International Journal of Science and Research (IJSR)

International Journal of Science and Research (IJSR)
Call for Papers | Fully Refereed | Open Access | Double Blind Peer Reviewed

ISSN: 2319-7064

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Review Papers | Pharmacology Science | India | Volume 11 Issue 6, June 2022

Human Monkeypox Disease: Insight into Pathophysiology and Management

Dr. Ajith JS | Vivek Gaikwad | Akash Janrao

Abstract: Monkey pox is a smallpox like disease that is caused by infection with monkey pox virus. Monkey pox virus belongs to the orthopoxvirus genus in the family Poxviridae. This disease is pre - dominantly found in central and western African rain forest. Human monkey pox is a zoonosis disease that is transmitted from animals to human and has flu - like symptoms fever, malaise, back pain, headache, and a distinctive rash, which are remarkably similar to common kinds of smallpox. Gives this clinical spectrum, it?s crucial to exclude out smallpox with a different diagnosis. Human monkeypox has no approved treatments; however the smallpox vaccine can provide protection. Monkey pox, thought to be an uncommon and self - limiting disease has received little attention since its discovery in 1958. Concern has recently been expressed regarding its rise, as well as the occasionally severe clinical presentation that resembles with smallpox. Smallpox is a devasting disease that has been eradicated worldwide by vaccination 40 years ago. Back in the day human monkey pox disease captured the attention when 3 individual patients in the UK were diagnosed with a rare disease, scientists were shocked. The number of instances of human monkey pox and their spread across the west and central Africa has grown in recent years. The human monkey pox virus replicates at the inoculation site after entering via any route (oropharynx, nasopharynx, or intradermal). It then spreads to local lymph nodes. Following that, viral spread and seeding of other organs occurs as a result of an initial viremia. This is the incubation period, which usually lasts 7 to 14 days, with a maximum of 21 days. The preferred laboratory test for monkey pox is viral DNA detection via polymerase chain reaction (PCR). The best diagnostic specimens are directly from the rash ? skin, fluid or crusts or biopsy where feasible because Antigen and antibody detection methods do not differentiate between orthopoxviruses they may be ineffective. The transmission of this human monkey pox can be prevented by isolating yourself at home and talking to a health professional if you have symptoms, avoiding any face to face, or skin to skin contact including sexual contact with anyone who has symptoms. This review gives a brief idea about pathophysiology of monkey pox, how it spread, which treatment available on it, its affect all over the world and which preventive measure we can take to avoid from such life threating diseases.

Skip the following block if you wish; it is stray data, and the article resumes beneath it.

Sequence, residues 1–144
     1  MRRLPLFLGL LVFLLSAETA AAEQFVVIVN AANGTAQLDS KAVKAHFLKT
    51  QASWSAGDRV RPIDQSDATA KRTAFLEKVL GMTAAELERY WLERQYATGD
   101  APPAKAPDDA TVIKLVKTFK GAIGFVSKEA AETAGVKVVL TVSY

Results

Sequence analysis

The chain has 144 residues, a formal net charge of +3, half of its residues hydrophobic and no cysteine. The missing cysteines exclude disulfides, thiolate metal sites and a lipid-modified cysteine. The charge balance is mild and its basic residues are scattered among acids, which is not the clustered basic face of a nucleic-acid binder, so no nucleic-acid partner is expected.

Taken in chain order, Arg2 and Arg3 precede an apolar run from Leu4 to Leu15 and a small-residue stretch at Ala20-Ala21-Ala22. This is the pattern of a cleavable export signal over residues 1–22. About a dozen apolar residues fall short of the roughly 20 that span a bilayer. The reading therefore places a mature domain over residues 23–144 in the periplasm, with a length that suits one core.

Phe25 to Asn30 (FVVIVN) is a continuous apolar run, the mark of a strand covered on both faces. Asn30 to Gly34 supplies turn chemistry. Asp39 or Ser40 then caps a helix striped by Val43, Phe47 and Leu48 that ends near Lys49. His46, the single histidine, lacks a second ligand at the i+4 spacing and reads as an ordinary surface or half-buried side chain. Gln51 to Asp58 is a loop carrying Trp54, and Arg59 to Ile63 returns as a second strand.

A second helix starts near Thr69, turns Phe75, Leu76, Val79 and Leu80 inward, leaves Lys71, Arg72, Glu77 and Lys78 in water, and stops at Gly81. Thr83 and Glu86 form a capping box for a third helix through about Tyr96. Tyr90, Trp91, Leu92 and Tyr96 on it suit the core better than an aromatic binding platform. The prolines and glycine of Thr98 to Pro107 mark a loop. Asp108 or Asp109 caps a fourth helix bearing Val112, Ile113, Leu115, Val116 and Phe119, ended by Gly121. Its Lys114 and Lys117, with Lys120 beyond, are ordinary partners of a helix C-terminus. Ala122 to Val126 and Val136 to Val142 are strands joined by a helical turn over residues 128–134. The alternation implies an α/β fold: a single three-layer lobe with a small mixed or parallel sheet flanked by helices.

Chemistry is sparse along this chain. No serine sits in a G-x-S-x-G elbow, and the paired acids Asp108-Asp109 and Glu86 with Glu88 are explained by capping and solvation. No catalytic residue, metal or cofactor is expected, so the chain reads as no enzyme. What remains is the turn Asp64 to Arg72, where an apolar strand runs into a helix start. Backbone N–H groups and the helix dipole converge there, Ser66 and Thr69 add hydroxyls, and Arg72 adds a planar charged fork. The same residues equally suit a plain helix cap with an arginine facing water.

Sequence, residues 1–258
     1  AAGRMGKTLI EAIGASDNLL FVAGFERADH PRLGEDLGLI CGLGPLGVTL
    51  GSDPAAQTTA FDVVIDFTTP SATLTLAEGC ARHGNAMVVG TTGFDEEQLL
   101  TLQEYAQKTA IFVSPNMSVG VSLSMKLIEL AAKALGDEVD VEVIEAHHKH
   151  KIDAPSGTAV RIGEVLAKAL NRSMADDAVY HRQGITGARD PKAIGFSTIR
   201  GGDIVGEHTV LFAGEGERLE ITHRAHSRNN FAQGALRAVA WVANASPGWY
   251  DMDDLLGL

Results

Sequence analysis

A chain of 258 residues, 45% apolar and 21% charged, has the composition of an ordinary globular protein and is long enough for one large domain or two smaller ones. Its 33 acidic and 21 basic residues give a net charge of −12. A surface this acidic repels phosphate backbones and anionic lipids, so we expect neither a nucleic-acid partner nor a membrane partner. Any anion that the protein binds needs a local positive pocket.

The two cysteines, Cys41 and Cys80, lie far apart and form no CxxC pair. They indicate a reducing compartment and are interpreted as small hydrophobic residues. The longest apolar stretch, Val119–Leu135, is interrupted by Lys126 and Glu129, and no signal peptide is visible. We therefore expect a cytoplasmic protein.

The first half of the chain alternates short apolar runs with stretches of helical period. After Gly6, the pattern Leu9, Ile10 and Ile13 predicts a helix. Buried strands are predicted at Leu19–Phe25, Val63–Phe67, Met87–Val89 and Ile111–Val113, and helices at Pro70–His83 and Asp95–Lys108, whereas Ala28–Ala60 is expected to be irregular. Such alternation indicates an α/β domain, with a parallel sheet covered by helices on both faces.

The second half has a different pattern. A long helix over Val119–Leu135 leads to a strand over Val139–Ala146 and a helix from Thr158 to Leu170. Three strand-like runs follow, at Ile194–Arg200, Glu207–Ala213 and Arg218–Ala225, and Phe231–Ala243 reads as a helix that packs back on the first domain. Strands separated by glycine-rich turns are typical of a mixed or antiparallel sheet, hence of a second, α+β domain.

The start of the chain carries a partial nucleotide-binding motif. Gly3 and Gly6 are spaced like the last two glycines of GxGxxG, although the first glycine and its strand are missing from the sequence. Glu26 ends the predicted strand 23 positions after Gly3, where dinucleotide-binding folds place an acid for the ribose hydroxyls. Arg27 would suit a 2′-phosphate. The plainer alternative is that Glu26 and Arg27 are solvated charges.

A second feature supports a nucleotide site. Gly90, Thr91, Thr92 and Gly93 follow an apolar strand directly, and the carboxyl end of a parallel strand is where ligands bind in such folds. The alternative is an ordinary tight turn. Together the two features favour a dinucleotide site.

Keywords: Monkeypox, orthopoxviruses, Poxviridae, Smallpox

Edition: Volume 11 Issue 6, June 2022,

Pages: 989 - 992

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